06 July 2006

Uncle Sam's Mosque-Bombers Hit Sadrist Stronghold in Kufa

As part of their ongoing escalation of violence against the Sadrist movement, at 7:30 a.m. on Thursday, Uncle Sam's Mosque-Bomber Death Squads attacked the Mosque in Kufa where Shiite cleric and political leader of the Sadrist movement, Moqtada al-Sadr, often delivers his Friday sermons. Middle East Online reports:
Eleven people were killed and 50 others wounded when a bomb in a minibus exploded Thursday near a Shiite shrine in the southern Iraqi holy town of Kufa, medical officials said....

Witnesses said a yellow minibus exploded next to two tour buses filled with Iranian pilgrims that had pulled into the parking lot of the Maytham al-Tammar shrine...

Medical sources, in an updated toll, said that 11 people were killed and 50 wounded, as another of the casualties died of his wounds....

Together with the nearby holy cities of Najaf and Karbala, the shrines of Kufa represent some of the world's holiest sites for Shiites.
This attack against the Sadrist shrine promises to inflame tensions which were already high after the Mosque-Bombers 1 July attack on a Sadr City mosque. Stratfor reports:
A July 1 car bomb at a market and Shiite militia stronghold in the Sadr City area of Baghdad now looks to have killed some 74 people and injured nearly 200.
This attack set off a tit-for-tat spate of kidnappings and attempted killings between those loyal to Uncle Sam's occupation and the Resistance opposing it.
Tayseer al-Mashhadani of the Iraqi Islamic Party -- was kidnapped, along with seven of her bodyguards, from a Shiite-majority district in Baghdad. In what appeared to be retaliatory strike, an abduction involving a Shiite politician, Leqa al-Yaseen of the United Iraqi Front, failed the following day. Eight bodyguards for al-Yaseen (who is believed to be a relative of Shiite leader Muqtada al-Sadr) were taken hostage in the incident, which occurred in an area on the southern outskirts of Baghdad that is known for Sunni insurgent activity. Meanwhile, Shiite cleric Iyad Jamal al-Deen survived an assassination attempt in the capital...
For different reasons, each of these kidnappings helps us to understanding ever-changing political dynamics in Iraq.

Al-Mashhadani was a collaborator. Her Sunni-based Iraqi Islamic Party got its start in Iraq after the occupation began with its full support. When Uncle Sam talks about reaching agreement with Sunnis, this is usually the group about whom it's referring - those who came to political 'power' Sam's Tanks and Hummers. And because she is a Sunni, her abduction by the Resistance (the Sadrists have denied responsibility) offers a response to the Mosque attack which nobody - least of all the Sadrists - can call sectarian.

In response to the kidnapping of al-Mashhadani, Iraq's Vice President, Agencies rerported that:
Demanding her release, Sunni Arab MPs of the National Concord Front boycotted the parliament, a move seen as harming the country’s fledgling political process.

"We have decided to suspend our participation in the parliamentary sessions until Taiseer al-Mashhadani is released," Adnan al-Dulaimi, the front’s head, told reporters." boycott of the parliament.
Dulami is another collaborator - a man who has gotten paid by Uncle Sam starting long before the occupation began.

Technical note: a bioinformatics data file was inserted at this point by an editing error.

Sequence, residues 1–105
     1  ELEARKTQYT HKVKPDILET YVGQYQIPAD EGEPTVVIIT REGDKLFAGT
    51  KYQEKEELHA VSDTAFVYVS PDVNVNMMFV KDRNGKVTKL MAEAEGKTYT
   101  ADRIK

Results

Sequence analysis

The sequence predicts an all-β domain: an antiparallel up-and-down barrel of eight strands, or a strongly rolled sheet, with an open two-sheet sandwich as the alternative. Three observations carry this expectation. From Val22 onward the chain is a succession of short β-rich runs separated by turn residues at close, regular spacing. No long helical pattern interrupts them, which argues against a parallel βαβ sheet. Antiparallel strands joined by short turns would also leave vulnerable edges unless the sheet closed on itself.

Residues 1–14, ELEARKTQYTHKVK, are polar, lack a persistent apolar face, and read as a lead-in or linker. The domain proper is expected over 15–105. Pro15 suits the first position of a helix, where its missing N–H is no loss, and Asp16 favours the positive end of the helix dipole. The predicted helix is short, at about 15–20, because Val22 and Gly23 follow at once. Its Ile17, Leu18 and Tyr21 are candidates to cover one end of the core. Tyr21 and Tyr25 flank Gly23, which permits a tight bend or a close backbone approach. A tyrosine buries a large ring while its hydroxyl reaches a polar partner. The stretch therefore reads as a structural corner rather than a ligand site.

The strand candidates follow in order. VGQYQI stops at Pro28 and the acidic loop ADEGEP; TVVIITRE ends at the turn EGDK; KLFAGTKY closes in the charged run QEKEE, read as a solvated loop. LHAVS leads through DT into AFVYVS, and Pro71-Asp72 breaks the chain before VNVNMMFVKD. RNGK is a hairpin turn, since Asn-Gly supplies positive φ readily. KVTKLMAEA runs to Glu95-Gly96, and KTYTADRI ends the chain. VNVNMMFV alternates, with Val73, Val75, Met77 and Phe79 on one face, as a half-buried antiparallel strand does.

In what Stratfor said "appeared to be retaliatory strike" in response to the al-Mashhadani kidnapping, Reuters reports that in an effort to exacerbate sectarian fighting Uncle Sam's Death Squads attacked the convoy of Leqa Al Yaseen, "a doctor and member of the Shia Islamist Alliance bloc who is a senior official in the Health Ministry, controlled by the movement of Shia cleric Moqtada Al Sadr." The report continues:
An aide who speaks for Sadr’s movement in Baghdad, Abdul Hadi Al Daraaji, said Yaseen had survived the attack and was safe but an unknown number bodyguards had been abducted. He described her as a hospital director in Najaf, south of Baghdad.
In response to this attack, another collaborator was targetted. Iyad Jamal al-Din, a cleric who AP somehow calls, "a cleric from the secular Allawi List... escaped an assassination attempt Sunday when a roadside bomb missed his convoy in downtown Baghdad." Casting aside the oddity of AP calling a cleric/politician "secular," this attack is relevant because of the Sadrist enmity towards Allwai. Like the Resistance strike against the occupation, one simply cannot construe this attack on Allawi's party as "sectarian."

And yesterday Uncle Sam's main international propaganda outfit, the Voice of America, reported that:
Iraqi officials say gunmen have kidnapped the country's deputy minister of electricity and 19 of his bodyguards in Baghdad.

They say the gunmen wore camouflage uniforms and intercepted a convoy in which Raad al-Harith and his bodyguards were traveling.

The brazen attack and capture of al-Harith, who Reuters reports, "was not linked to any of Iraq's Shi'ite, Sunni or Kurdish parties" and nineteen of his bodyguards not only again demonstrates the power and sophistication of the Resistance, but proves, yet again, its non-sectarian aims.

It is into this context - in the context of Uncle Sam's Mosque-Bombers and Death Squads assaulting Sadrist ministers and religious sites - that we must understand today's attack on the Kufa Mosque. Contrary to Uncle Sam's propaganda, each of the attacks demonstrate how the Resistance has taken the policical initiative by responding to Uncle Sam's efforts to foment a Civil War by making their most brazen attacks explicitly non-sectarian.

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